Novelist Extraordinaire

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Yvonne_040616ABY JOE SCOTCHIE

jscotchie@antonmediagroup.com

This June, Yvonne Pastolove will enjoy a homecoming. On Thursday, June 23, at 2 p.m., Pastolove will return to Roslyn to give a talk at the Bryant Library on her new career as a novelist. She will discuss her two novels, Gabrielle’s Story and Aglaia’s Story, both historical novels set in the 19th century.

Pastolove isn’t just any ordinary novelist. Both novels were published when she was already into her eight decade and another novel, one set in mid-1800s Paris, is it the works.

A native of Switzerland and someone fluent in French, Swiss and German, Pastolove moved to Roslyn with her young family in 1962. The library itself was the inspiration for writing.

“Two very important things occurred after our move to Roslyn in 1962: one was getting myself a library card and the other was meeting the librarian Helen Glannon,” Pastolove told The Roslyn News. “A few years later Helen picked a dozen other library patrons who she thought might like to form a writing club. She made the library available to us for six meetings – and then told us we were on our own.”

Pastolove said that she stayed with the writers’ group for years, trying to get comfortable writing in the English language. Pastolove and her husband, Leonard, raised three children in Roslyn and so she only had time to write children’s stories in those early years. Still, Pastolove kept at it, finding more melancholy reasons to continue pursuing the craft of fiction.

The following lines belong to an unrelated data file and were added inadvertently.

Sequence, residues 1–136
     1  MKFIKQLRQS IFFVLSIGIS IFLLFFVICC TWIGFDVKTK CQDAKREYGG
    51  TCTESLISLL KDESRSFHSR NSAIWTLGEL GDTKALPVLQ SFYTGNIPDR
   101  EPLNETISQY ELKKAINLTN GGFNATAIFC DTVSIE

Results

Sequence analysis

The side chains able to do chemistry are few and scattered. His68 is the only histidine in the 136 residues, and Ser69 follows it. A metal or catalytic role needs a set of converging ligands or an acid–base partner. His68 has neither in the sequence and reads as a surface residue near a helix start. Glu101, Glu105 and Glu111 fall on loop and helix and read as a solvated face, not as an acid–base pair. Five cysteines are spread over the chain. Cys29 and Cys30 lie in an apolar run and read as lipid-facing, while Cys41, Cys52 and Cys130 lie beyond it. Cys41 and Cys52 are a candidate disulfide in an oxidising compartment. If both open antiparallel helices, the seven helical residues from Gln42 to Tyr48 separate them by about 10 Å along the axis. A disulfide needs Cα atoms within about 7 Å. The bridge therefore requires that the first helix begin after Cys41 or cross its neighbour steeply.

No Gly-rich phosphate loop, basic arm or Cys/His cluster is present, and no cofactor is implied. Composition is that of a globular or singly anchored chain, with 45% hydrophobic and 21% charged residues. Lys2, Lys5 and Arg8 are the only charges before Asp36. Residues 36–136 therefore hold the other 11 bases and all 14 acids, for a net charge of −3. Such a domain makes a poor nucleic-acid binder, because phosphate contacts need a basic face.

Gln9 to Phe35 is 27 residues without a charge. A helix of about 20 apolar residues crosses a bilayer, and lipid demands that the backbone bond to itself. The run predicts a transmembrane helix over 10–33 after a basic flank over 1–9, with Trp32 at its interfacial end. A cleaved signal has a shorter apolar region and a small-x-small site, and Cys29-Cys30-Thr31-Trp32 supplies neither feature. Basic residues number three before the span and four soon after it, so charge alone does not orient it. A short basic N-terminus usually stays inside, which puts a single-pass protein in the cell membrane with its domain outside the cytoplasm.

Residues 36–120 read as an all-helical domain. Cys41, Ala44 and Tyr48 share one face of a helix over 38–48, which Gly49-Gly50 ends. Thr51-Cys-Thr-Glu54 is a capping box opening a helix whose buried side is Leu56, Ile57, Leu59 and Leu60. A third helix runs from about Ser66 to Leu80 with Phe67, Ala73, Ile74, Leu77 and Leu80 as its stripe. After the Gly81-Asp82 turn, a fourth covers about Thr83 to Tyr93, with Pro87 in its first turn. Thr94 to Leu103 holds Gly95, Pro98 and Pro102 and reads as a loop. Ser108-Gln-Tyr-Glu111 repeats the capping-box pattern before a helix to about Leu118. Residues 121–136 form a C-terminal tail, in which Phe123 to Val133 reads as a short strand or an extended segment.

“My husband’s death seven years ago changed my life,” Pastolove said. “It took me a year to even find my way to writing the first novel and to realize that research and writing actually fill hours of time. The research that I compile for my novels always seems to provide many interesting challenges during any given day, and also a lot of pleasure.”

That dedication has resulted in two novels, with, as noted, a third one in the works. At the library, Pastolove will discuss the subject matter of her first two novels, plus tips on researching material for historical fiction novels. Copies of her novels will be available for purchase.

“My mother is truly an amazing person, who does not typify the life of most octogenarians,” Pastolove’s proud daughter, Renee, told The Roslyn News. “She’s got so much passion and compassion, plus she has found resilience in places where most older people would curl up in a ball and never come out again.”

The novelist, needless to say, remains an inspiration to her three daughters and seven growing grandchildren, Renee Pastolove added. “When she is not busy at the computer researching her next novel, she can be found with one of her grandkids or listening to Mozart or doing a crossword puzzle or helping out a neighbor,” Renee added. “She definitely puts a new spin on the word octogenarian and author – all in the same breath!”

The Bryant Library is at 2 Paper Mill Rd. For more information, call 516-621-2240.

 

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